University of New Hampshire
Mentor: Thomas D. Kocher - Associate Professor of Zoology
The Molecular and Evolutionary Consequences Of Transposon Insertion
Transposons are mobile pieces of DNA, often called "jumping genes". Their existence has been known since the late 1940s when Barbara McClintock discovered them during her studies of maize. Early studies showed that transposon activity was deleterious, always causing a mutation when an element moved within the genome of an organism. It is now known that not all transposon insertions are deleterious.
It has been the objective of this research to determine the molecular and evolutionary effects of transposable elements in the nematode C. elegans. To address these issues we collected transposable element insertions in a target gene and are investigating the consequences of their insertion. We used a molecular technique (the Polymerase Chain Reaction) to identify new transposon insertions in the target gene (which codes for the major body wall protein in C. elegans) and a classical genetic approach (sib selection) to enrich for individuals carrying the insertion. This method will allow us to determine if most insertions into the target gene disrupt gene function or if transposon insertions can be "silent" and splice in the genome without causing gene function disruption.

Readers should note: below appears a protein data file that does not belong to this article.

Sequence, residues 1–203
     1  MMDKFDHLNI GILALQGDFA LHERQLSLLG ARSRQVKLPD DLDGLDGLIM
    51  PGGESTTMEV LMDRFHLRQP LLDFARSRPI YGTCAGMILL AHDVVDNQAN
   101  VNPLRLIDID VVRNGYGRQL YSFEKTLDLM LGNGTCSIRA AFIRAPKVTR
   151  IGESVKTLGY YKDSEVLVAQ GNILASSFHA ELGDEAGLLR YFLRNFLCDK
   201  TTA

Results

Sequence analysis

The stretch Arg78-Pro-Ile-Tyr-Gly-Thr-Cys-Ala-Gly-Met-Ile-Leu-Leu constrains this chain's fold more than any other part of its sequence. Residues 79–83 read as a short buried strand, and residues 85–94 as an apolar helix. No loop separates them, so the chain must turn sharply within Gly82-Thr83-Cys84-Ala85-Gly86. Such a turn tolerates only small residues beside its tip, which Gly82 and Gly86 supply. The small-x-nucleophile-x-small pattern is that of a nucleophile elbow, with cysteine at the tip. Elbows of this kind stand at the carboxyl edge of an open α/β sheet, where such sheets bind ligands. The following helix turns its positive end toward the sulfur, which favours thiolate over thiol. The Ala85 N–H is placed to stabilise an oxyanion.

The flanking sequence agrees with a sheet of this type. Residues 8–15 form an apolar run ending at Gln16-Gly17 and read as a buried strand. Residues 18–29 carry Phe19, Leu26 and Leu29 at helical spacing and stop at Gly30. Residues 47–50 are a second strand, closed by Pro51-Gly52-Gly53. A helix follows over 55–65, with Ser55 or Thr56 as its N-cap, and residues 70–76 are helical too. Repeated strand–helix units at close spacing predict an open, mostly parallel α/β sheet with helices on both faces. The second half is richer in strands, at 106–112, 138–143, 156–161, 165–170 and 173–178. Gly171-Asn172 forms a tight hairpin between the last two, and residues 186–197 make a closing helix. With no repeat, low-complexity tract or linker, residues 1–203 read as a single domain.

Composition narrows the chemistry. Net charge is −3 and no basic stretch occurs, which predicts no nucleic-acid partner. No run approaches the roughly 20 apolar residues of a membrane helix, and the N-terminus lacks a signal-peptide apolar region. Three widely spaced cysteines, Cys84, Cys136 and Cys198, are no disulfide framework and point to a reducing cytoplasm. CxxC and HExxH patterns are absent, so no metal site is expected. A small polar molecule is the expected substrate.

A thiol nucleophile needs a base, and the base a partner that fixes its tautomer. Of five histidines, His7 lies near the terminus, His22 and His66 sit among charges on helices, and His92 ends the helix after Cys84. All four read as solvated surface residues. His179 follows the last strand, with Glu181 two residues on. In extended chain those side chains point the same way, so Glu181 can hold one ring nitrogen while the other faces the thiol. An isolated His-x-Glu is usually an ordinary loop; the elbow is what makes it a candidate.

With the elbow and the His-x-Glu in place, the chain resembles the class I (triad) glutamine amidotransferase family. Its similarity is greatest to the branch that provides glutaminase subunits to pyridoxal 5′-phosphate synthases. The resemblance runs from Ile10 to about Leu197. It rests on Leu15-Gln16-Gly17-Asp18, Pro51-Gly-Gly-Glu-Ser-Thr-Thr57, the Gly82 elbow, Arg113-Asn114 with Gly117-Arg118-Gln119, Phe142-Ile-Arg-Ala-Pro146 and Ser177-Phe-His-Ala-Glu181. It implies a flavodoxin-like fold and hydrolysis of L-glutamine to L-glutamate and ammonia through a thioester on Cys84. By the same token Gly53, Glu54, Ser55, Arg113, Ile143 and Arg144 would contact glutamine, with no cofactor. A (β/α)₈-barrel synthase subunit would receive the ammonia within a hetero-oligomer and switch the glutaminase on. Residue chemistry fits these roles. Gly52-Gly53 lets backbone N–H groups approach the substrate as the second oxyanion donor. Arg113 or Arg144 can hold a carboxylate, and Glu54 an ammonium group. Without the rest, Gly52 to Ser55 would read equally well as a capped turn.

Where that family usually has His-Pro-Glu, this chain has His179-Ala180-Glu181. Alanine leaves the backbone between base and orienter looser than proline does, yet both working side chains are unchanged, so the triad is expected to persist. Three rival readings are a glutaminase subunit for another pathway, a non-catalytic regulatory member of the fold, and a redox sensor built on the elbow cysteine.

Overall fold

The results of this project, as well as those of recent studies, add to our knowledge and understanding regarding the role of these insertions in molecular evolution.